Yet, just East of Xi’an, four hours up the railway line to Beijing, is another grand cache of art that stands in the Warriors’ shadows, but delivers almost as many “wow” moments. I’m talking Luoyang’s Longmen Grottoes — a string of over 100,000 Buddhist images and statues carved into a hillside during China’s Wei and Tang Dynasties.

Luoyang’s Longmen Grottoes are one of several sites in China for viewing ancient Buddhist cave art — besides the Mogao Caves in Dunhuang, the Yungang Grottoes near Datong, and Bingling Si near Lanzhou. Mogao and Yungang are more famous (and, arguably, colorful), and Bingling Si, with its sheer cliffs by the reservoir and a huge 27-meter-high Buddha, more breathtaking. But Luoyang is just four hours from Xi’an, right on that train line from Beijing, so you can easily take in a little ancient cave art before heading to that more famous tourist attraction.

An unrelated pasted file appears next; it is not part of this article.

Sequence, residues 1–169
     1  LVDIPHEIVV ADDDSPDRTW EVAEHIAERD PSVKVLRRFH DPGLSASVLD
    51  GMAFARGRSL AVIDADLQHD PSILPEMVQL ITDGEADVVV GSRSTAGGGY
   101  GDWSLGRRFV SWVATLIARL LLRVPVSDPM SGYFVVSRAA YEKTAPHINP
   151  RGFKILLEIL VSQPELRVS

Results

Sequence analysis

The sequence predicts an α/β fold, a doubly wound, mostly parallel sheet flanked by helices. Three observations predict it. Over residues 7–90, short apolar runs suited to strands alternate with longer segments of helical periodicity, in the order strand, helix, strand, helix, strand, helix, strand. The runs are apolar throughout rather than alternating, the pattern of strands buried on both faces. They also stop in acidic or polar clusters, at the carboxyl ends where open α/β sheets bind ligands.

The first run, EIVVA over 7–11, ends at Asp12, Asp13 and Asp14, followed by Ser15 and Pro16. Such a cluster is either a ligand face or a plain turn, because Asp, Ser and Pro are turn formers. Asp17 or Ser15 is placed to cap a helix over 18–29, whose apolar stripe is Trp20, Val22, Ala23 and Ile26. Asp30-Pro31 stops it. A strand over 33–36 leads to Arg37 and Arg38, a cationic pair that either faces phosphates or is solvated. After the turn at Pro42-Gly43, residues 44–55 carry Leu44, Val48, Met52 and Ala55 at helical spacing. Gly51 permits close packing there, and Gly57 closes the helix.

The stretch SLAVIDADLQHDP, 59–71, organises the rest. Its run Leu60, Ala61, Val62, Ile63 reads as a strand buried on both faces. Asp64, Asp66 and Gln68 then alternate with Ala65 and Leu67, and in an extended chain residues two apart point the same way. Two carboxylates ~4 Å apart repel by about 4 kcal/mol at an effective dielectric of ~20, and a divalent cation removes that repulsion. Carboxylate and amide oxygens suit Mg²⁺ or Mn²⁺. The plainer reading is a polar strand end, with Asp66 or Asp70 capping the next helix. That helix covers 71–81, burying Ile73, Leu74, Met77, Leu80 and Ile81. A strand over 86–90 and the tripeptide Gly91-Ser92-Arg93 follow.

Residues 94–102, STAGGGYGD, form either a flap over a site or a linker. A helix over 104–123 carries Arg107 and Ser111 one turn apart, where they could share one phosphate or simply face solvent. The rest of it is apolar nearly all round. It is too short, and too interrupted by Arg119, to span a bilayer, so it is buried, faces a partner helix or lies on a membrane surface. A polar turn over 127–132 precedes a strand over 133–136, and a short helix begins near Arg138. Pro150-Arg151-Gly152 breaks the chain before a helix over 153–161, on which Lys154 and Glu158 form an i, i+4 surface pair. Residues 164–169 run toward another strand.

And, believe me, even if they’re not number one, the Longmen Grottoes are worth the visit. Continue reading “Travel China with the Yangxifu: Longmen Grottoes, Luoyang, Henan Province”

Travel China with the Yangxifu: Shang Dynasty Wall Ruins, Zhengzhou, China

Walking next to the mounds that mark the Shang Dynasty Wall Ruins
Men sitting on the Shang Dynasty
It's not just a mound -- it marks the spot where the walls of an ancient Shang Dynasty town once stood...in a place that doubles as a park and, for the men featured, a place to squat and talk.

It’s one thing to see China’s history in a museum, and another to walk on it.